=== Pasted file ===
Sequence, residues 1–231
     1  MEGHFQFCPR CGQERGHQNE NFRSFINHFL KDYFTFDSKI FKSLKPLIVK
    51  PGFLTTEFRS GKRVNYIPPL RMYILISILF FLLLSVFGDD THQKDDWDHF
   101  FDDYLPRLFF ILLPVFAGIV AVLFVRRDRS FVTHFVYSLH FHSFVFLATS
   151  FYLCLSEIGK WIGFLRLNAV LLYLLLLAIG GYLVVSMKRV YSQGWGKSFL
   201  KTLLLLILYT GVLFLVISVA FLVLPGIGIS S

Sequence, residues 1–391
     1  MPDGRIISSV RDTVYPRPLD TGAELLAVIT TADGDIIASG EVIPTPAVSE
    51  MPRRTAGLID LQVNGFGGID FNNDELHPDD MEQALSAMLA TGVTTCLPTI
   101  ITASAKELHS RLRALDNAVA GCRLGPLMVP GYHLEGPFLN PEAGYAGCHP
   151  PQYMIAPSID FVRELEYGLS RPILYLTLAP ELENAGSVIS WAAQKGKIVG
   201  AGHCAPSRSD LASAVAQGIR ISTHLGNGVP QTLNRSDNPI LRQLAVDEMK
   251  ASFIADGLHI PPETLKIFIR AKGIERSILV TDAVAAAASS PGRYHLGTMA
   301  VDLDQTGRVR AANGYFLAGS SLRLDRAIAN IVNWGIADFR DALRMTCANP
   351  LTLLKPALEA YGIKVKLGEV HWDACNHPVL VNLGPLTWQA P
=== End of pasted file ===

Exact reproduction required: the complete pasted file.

Sequence, residues 1–231
     1  MEGHFQFCPR CGQERGHQNE NFRSFINHFL KDYFTFDSKI FKSLKPLIVK
    51  PGFLTTEFRS GKRVNYIPPL RMYILISILF FLLLSVFGDD THQKDDWDHF
   101  FDDYLPRLFF ILLPVFAGIV AVLFVRRDRS FVTHFVYSLH FHSFVFLATS
   151  FYLCLSEIGK WIGFLRLNAV LLYLLLLAIG GYLVVSMKRV YSQGWGKSFL
   201  KTLLLLILYT GVLFLVISVA FLVLPGIGIS S

Sequence, residues 1–391
     1  MPDGRIISSV RDTVYPRPLD TGAELLAVIT TADGDIIASG EVIPTPAVSE
    51  MPRRTAGLID LQVNGFGGID FNNDELHPDD MEQALSAMLA TGVTTCLPTI
   101  ITASAKELHS RLRALDNAVA GCRLGPLMVP GYHLEGPFLN PEAGYAGCHP
   151  PQYMIAPSID FVRELEYGLS RPILYLTLAP ELENAGSVIS WAAQKGKIVG
   201  AGHCAPSRSD LASAVAQGIR ISTHLGNGVP QTLNRSDNPI LRQLAVDEMK
   251  ASFIADGLHI PPETLKIFIR AKGIERSILV TDAVAAAASS PGRYHLGTMA
   301  VDLDQTGRVR AANGYFLAGS SLRLDRAIAN IVNWGIADFR DALRMTCANP
   351  LTLLKPALEA YGIKVKLGEV HWDACNHPVL VNLGPLTWQA P